fb01 VMWare reserved       fc00 VMWare kcore crash p  fd00 Linux RAID          
Hex code or GUID (L to show codes, Enter = 8300): ef02
Changed type of partition to 'BIOS boot partition'

Command (? for help): n
Partition number (2-128, default 2): 2
First sector (34-60088286, default = 4096) or {+-}size{KMGTP}: 
Last sector (4096-60088286, default = 60088286) or {+-}size{KMGTP}: +50M
Current type is 'Linux filesystem'
Hex code or GUID (L to show codes, Enter = 8300): ef00
Changed type of partition to 'EFI System'

Command (? for help): n
Partition number (3-128, default 3): 3
First sector (34-60088286, default = 106496) or {+-}size{KMGTP}: 
Last sector (106496-60088286, default = 60088286) or {+-}size{KMGTP}: 
Current type is 'Linux filesystem'
Hex code or GUID (L to show codes, Enter = 8300): 
Changed type of partition to 'Linux filesystem'

Command (? for help): w

Final checks complete. About to write GPT data. THIS WILL OVERWRITE EXISTING

Do you want to proceed? (Y/N): y

OK; writing new GUID partition table (GPT) to /dev/sdc.

Format the partitions :

# mkfs.fat -F32 /dev/sdX2
# mkfs.ext4 /dev/sdX3

You can now install GRUB to support both EFI + GPT and BIOS + GPT/MBR. The GRUB configuration (--boot-directory) can be kept in the same place.

First, you need to mount the EFI system partition and the data partition of your USB drive.

An example of this would be as follows:

# mount /dev/sdX3 /mnt
# mkdir -p /mnt/boot/EFI
# mount /dev/sdX2 /mnt/boot/EFI

Then, you can install GRUB for UEFI with:

In most cases EFI_MOUNTPOINT will correspond to the /mnt/boot/EFI subdirectory on your mounted USB disk.

# grub-install --target=x86_64-efi --recheck --removable --efi-directory=/EFI_MOUNTPOINT --boot-directory=/DATA_MOUNTPOINT/boot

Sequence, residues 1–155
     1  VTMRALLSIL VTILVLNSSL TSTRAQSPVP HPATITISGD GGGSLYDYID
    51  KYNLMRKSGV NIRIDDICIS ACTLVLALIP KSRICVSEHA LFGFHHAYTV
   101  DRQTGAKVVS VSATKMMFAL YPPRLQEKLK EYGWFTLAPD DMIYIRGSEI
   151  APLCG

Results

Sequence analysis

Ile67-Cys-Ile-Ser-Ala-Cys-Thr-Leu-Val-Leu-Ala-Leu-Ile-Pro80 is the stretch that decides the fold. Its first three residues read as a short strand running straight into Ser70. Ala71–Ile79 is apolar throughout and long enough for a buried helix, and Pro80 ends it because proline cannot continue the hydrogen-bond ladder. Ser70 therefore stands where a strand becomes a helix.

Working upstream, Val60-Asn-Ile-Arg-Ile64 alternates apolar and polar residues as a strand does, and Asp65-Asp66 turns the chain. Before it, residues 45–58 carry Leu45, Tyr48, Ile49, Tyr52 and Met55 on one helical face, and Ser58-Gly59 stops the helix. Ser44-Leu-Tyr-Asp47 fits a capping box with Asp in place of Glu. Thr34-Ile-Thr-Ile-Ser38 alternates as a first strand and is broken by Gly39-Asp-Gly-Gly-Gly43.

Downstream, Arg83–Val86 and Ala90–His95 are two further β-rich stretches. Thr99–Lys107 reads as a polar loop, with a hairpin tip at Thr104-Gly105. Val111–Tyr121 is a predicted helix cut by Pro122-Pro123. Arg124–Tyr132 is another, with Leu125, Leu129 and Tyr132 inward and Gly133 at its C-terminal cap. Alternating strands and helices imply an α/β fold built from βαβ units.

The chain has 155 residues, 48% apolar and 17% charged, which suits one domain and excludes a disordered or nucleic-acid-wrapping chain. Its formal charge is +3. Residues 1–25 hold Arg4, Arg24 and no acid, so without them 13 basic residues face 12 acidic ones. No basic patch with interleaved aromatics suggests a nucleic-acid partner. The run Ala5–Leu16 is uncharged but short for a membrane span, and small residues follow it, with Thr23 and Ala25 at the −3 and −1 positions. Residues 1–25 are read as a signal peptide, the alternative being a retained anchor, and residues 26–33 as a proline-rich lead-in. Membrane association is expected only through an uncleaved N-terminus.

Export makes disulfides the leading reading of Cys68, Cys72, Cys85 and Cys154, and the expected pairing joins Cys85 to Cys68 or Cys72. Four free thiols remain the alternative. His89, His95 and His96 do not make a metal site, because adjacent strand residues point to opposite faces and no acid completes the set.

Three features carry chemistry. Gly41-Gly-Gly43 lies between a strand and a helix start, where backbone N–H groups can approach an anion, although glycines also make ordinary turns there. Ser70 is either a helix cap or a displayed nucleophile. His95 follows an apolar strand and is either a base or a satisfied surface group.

And for BIOS with:

# grub-install --target=i386-pc --recheck --boot-directory=/DATA_MOUNTPOINT/boot /dev/sdX
As an additional fallback, you can also install GRUB on your MBR-bootable data partition:

# grub-install --target=i386-pc --recheck --boot-directory=/DATA_MOUNTPOINT/boot /dev/sdX3

If you get:
grub-install: error: /usr/lib/grub/x86_64-efi/ doesn't exist. Please specify --target or --directory.

It may be necessary to install EFI support for grub:
apt-get install grub-efi

Testing is very quick and simple using the qemu virtual machine:

qemu-system-x86_64 -enable-kvm -rtc base=localtime -m 2G -vga std -drive file=/dev/sdb,readonly,cache=none,format=raw,if=virtio

Saturday 23 May 2020

FreeNAS 0.7.2 - GEOM: adn: the secondary GPT table is corrupt or invalid

On booting FreeNAS 0.72 you may see the message: "the secondary GPT table is corrupt or invalid".

This can be ignored. According to this article:

"This error is caused by a basic flaw in the software used in FreeBSD and XigmaNAS to create and manage RAID arrays. Until FreeBSD version 7x the OS ignored / did not report the error. Now it and XigmaNAS, since it is based on FreeBSD, do report it. In the future, this may be fixed in FreeBSD, until then let's all continue blissfully ignoring it like we did prior to version 7x"

Wednesday 20 May 2020

Rsync with SystemRescueCD

Using the SystemRescueCD:

mkdir /mnt/usb
mkdir /mnt/Data

Mount the NTFS USB disk
ntfs-3g /dev/sdc1 /mnt/usb

Mount the UFS disk
mount -t ufs -o ufstype=ufs2,ro /dev/sda1 /mnt/Data

then use grsync to copy the data

Source: /mnt/Data
Destination: /mnt/usb
This will copy the Data folder and its subdirectories to the mounted USB drive.

Tuesday 19 May 2020

Rebuild a RAID 1 in FreeNAS 0.7.2

Determine the disk that has failed: is it ad0 or ad1?

Go to Disks > Software RAID > Tools
Select the failed drive, select Forget and click Send
Insert the new drive
Select the inserted drive, select Insert and click Send
Wait 5 minutes, select the drive and hit Status. You should see a percentage next to the new drive: this is it rebuilding.